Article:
Also: Enjoy this brief period of life when you can come home from school, stick a frozen pizza in the microwave, polish it off, go out for ice cream with your friends every day, and not gain an ounce. All of us on the other side of twenty-two are jealous.
Did you always know you would be an author?
Yes. It was the only thing I ever wanted. When I was seven years old, I wrote a twenty-four-page story with a pencil and had my mother type it for me. My elementary school literary journal published it: Shana and The Magic Quilt. Because the title is abstract, I’ll tell you what it was about: a girl named Shana with a magic quilt.
What is more challenging for you, writing or editing?
The initial writing process is a struggle because inevitably, my self-doubt creeps in: “This sucks! You suck!” (My self-doubt has a limited vocabulary.) Sometimes my self-doubt doesn’t so much creep as barge in, knocking me over the head with a baseball bat. Then I can’t write at all. So I try to get through a first draft as quickly as possible. Once I have a first draft, I can breathe, and then start moving the blocks around, playing with the sentences, teasing the themes out, and bringing the characters more fully to life. That’s the fun part.
Tell us how you got published.
Here’s the Reader’s Digest version: My first novel, WHO BY FIRE, started as a short story I wrote when I was a twenty-three-year-old graduate student. When I finished school, I started developing the story into a novel. A couple of years later, one of my best friends, the unfairly talented author and all-around fabulous human being, Cristina Henriquez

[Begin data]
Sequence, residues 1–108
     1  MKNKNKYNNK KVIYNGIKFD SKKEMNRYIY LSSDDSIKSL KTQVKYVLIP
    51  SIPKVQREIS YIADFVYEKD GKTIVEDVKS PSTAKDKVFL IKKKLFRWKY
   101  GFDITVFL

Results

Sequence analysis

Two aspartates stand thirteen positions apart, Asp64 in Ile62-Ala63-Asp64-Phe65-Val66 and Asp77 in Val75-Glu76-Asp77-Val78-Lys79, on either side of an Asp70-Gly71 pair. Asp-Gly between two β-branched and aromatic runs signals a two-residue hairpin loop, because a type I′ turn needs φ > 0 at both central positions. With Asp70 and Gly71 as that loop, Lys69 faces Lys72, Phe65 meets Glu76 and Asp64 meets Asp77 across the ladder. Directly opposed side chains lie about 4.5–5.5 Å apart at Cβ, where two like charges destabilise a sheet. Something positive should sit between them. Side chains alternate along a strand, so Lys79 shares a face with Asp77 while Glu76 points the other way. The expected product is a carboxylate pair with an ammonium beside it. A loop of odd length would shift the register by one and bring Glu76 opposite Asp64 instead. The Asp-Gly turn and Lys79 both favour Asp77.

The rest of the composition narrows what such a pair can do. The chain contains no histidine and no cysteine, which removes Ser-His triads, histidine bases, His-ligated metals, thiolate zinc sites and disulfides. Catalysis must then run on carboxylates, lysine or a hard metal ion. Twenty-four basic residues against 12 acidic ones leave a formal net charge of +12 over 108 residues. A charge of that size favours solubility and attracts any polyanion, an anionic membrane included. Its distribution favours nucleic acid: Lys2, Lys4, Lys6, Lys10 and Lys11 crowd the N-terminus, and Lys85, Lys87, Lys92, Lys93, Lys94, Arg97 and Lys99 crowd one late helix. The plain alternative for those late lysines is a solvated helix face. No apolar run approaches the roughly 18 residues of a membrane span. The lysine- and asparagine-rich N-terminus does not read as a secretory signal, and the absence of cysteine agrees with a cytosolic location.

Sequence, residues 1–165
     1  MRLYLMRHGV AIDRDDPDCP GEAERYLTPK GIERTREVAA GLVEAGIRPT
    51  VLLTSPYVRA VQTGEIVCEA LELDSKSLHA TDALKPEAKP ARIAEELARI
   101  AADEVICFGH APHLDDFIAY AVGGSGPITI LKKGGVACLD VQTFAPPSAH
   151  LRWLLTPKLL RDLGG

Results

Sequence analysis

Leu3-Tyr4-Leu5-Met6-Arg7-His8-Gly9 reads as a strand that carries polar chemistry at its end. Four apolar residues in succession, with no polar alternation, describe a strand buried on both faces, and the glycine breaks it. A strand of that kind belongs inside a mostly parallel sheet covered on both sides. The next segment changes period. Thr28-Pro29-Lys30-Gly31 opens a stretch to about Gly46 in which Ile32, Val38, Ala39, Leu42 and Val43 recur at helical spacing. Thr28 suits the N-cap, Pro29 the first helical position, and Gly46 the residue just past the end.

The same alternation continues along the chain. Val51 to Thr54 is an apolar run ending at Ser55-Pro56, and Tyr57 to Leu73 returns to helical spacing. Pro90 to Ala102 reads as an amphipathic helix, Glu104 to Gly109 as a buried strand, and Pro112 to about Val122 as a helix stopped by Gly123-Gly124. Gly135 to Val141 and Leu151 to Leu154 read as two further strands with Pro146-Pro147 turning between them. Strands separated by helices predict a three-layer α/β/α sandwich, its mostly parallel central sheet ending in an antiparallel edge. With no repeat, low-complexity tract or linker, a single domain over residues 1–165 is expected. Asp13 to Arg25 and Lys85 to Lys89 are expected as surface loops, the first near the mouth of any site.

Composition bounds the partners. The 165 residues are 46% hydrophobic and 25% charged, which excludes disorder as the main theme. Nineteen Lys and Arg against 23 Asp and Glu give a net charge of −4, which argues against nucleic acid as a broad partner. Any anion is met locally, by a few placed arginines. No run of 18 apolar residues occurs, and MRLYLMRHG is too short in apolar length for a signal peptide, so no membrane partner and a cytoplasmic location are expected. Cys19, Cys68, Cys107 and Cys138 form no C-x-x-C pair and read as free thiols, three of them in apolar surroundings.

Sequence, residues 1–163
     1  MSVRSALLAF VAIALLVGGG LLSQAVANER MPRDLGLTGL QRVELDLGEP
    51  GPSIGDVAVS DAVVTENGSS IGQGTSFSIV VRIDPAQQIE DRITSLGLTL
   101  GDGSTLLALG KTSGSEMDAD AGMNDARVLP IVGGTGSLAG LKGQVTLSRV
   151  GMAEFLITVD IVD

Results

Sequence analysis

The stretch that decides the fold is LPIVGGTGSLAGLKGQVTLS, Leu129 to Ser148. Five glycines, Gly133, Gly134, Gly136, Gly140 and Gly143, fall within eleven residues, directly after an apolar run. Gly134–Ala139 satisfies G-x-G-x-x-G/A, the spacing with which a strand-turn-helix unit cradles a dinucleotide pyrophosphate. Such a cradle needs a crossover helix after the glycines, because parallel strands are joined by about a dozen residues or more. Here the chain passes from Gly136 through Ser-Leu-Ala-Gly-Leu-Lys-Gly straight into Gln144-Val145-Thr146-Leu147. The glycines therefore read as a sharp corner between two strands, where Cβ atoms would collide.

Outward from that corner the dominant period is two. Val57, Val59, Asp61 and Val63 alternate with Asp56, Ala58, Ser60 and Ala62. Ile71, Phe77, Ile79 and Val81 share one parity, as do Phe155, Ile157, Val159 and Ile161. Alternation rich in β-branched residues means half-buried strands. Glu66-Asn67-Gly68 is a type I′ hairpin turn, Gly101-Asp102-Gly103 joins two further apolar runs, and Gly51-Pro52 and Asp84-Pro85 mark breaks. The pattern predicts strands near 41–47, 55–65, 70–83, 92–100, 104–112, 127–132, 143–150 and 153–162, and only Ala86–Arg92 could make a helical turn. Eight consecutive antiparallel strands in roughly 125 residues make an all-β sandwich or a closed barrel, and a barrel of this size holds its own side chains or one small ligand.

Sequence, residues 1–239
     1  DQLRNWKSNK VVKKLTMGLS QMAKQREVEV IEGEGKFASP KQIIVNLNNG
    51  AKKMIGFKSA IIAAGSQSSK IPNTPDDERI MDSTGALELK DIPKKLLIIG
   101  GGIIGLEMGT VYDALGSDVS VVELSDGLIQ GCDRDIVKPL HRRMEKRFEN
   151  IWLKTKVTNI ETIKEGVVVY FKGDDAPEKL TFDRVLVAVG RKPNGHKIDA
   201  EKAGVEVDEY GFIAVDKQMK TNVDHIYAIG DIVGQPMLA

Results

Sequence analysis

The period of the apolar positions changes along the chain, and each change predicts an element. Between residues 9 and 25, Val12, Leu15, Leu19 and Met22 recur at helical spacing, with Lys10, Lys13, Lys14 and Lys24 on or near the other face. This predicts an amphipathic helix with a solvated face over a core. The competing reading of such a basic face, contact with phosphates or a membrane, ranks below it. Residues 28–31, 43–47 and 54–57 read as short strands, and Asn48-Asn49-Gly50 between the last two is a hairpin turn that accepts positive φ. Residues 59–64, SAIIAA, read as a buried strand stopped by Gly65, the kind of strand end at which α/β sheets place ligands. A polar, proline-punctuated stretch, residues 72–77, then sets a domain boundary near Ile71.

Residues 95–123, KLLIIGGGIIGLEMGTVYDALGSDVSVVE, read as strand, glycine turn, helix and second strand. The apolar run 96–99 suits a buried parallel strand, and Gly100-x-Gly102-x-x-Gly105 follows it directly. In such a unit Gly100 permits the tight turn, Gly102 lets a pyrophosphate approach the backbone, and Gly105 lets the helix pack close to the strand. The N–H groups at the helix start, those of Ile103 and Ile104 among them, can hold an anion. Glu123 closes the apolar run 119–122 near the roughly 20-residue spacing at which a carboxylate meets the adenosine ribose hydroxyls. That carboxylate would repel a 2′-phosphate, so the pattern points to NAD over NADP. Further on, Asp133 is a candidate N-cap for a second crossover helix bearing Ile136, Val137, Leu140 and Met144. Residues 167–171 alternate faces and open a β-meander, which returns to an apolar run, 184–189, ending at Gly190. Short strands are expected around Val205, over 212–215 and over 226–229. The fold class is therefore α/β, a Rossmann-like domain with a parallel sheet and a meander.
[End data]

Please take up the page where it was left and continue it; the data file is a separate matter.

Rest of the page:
, read a draft and told me that she thought her agent, Kate Lee, would like it. She was correct, and within a year, Kate began approaching the publishing houses with my manuscript. Sounds brilliant so far, right?
Except that that the thing didn’t sell. I got rejection letter after rejection letter. Many editors were kind. Some even gave useful feedback. One was alarmingly angry, as if by just writing the book, I had inflicted undue harm on her. I cried and drank vodka and contemplated the futility of life. Then I got back to work.
After a year of revising, my magical agent sold WHO BY FIRE to Harper Perennial, an imprint of HarperCollins. I was twenty-eight years old. When I got the call, I was at a kickboxing class at my gym, fighting an imaginary villain. I ran outside the gym and cried tears of shock and joy and jumped up and down in my sports bra. I’ll never forget what Kate said: “Stop crying. I have to read you the offer letter.”
What do you need to write? Specific foods or drinks?
Tea. Water. Gotta stay hydrated.
And some fun quick questions
Dog or Cat?
I love big dogs with trashy reputations. I had a Rottweiler when I was a teenager. Now my parents have a pit bull.
Coke or Pepsi?
I stay away from that stuff these days, but I used to be semi-addicted to Diet Coke.
Almond Joy or Mounds?
Almond Joy. I love nuts. Does that sound slutty?
Laptop or desktop?
I work on a laptop, but I dream of one day having an ergonomically responsible desktop computer with a gorgeous, eye-soothing, flat-screen monitor. And a massage therapist to stand behind me, working on my knots and occasionally telling me that I don’t suck at all, that my work is pure genius, that I should really stop working so hard and enjoy a few Oreos.
Summer or Winter?
Summer! I love flip-flops.
Music or TV?
I haven’t owned a television with channels since childhood. What have I missed?
Black or White?
I wear a lot of black, not because I’m morbid or even particularly fond of black; I just don’t trust my fashion sense enough to branch out.